Monday 7 May 2018

Round 19.


The man sitting in the hotel lobby waiting for Mr Quinpot of room 403, is reading a book.

The book is Hard Times, written by Charles Dickens.

The man took the book from the ‘free-help-yourself-put-one-in’ swap cupboard, which is on the wall of the building next to the estate agent’s.

The copy is not in good condition; it has been read many times and the pages are almost all separate.

The man is unsure that he hasn’t read this particular page before.

It is page 70.

The receptionist who invited the waiting man to sit has forgotten that Mr Quinpot is unlikely to return before the 2nd January; he has returned home to see his family for Christmas and is sitting on a train travelling towards Basingstoke.

The man on the train is reading too.

His reading is something of a coincidence, as is his choice of book.

The Times and Tribulations of Timothy Tibblins is not a Charles Dickens book, but it came from the same swap cupboard as Hard Times.

Lucy who put both books in the cupboard took a copy of an unofficial biography of somebody famous whose name she has forgotten already.

She thinks it will be a perfect Christmas Present for her brother who once mentioned he that he fancied what’s-her-name.

The unofficially biographied celebrity is a woman.

The book is wrapped in red silver paper and Lucy is placing it under the artificial Christmas tree that stands in the corner of her two-room flat in Peckham; she has invited her brother to visit for Christmas lunch.

The man in the hotel lobby has been invited nowhere for Christmas and he may as well stay where he is, reading Hard Times in the Holiday Inn just off the roundabout at The Swiss Cottage.

His own family are far away, mainly in Australia where they have moved for the convenience of distance.

The one member of his family not in Australia is a very distant first cousin whom he has never spoken to.

His name is Charles.

Charles lives in Greenland; he is a research scientist interested in the effect of ice melt on ground moss.

 It is a specialised subject and he has written many papers on his findings that very few people have bothered to read. In return, Charles the research scientist has never read any of Charles Dickens’ work.

It’s a shame, because if he had, the young field assistant Mary who is working beside him cataloguing the deformation of the ground moss would find him a more interesting companion.

She may even have fallen in love with him.

She has read all of Charles Dickens’ work and can quote complete passages.

She is thinking of one as she is cataloguing.

And she has a dog.

The dog’s name is Merrylegs.

Merrylegs is the name of a dog that appears on page 70 of Charles Dickens’ Hard Times.

The man sitting in the Hotel lobby waiting for Mr Quinpot of room 403 to not return because he has gone home for Christmas, is reading.

He is reading a book.

The book is Hard Times, written by Charles Dickens.

It’s a small world sometimes.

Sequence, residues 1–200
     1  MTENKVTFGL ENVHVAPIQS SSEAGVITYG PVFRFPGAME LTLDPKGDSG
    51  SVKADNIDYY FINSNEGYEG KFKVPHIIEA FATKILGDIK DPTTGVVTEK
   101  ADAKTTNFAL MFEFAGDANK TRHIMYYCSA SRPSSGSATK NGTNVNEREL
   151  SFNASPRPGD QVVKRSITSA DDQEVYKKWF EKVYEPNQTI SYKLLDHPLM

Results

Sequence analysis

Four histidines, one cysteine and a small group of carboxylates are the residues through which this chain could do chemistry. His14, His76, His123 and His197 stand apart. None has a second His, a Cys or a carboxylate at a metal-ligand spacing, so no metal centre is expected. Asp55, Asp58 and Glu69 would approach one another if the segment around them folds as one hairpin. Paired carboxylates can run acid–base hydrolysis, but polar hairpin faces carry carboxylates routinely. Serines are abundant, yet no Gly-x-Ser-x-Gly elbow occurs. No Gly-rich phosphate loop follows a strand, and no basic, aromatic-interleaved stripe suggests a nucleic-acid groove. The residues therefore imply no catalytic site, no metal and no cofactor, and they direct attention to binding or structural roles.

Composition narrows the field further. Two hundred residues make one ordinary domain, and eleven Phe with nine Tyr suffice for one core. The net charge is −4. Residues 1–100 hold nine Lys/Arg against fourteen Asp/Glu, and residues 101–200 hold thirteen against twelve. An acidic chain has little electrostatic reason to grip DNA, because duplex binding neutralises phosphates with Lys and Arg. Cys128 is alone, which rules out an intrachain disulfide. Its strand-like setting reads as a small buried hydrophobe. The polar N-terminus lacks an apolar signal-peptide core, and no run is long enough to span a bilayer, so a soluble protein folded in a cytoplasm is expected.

Mary said...

It is true that Mary, young field assistant, would have found Charles the research scientist more interesting if he had read 'Hard Times' or any Dickens. Just finished 'Bleak House', preceded by 'Martin Chuzzlewit', preceded by 'Great Expectations' [THE BEST!!!!], and 'Oliver Twist', as well as, 'A Christmas Carol', many other Christmas stories and assorted short stories. Actually, have read and reread most Dickens novels over the past 45 years, except 'Pickwick Papers' and 'Our Mutual Friend' which I hope to do in the next couple of years. Next up, 'Little Dorrit'. Coming in at between 60 to 120 characters per novel, his character names are brilliant, biting and often, hilarious!

Dickens -- Highly recommended by your Italian-Canadian friend. He is to be read slowly so that you don't miss a word.

Hope all are well. It is perfect nonsense on this side of the world.


Caveat: The last person I encouraged to read Dickens -- about 6 months ago -- did so, and until recently, avoided me in case I might begin a discussion about it. ;-)

popps said...

Hello Mary - i thought that might draw a comment from you :-)
Now - - go here ,
Scroll down to the bottom of the page to the émissions
click on them
choose the second option - télécharger - and then explore (middle for the first three, end of the most recent)
I'm curious for your comments!!

Mary said...

Yikes -- there you are. Bazartland is an online podcast? Oui?

Listened to all four. Hee Hee -- how wonderful! Not sure your voice sounds as I recall it but you and Peter are fab. Those puns. Great timing. Well-written, great delivery, and fresh.

Downtown in French?!

Not sure if gallery, café, bookstore, le bazaar and midnight movies are real but hope they are.

Curry On Englishmen in France!!!!!!


popps said...

Oh yes , it's all real, i was hoping that you might see it as me and him come to life a bit.
We recorded the latest today, will send link once it's broadcast, thanks for the encouragement.
Having fun doing it, and writing it.

Mary said...

I don't know Peter but you and he are vividly come to life. Yes, keep writing and keep recording.

I look forward to the next instalment.


popps said...

I didn't know him either - just met him.
Ex neuro scientist.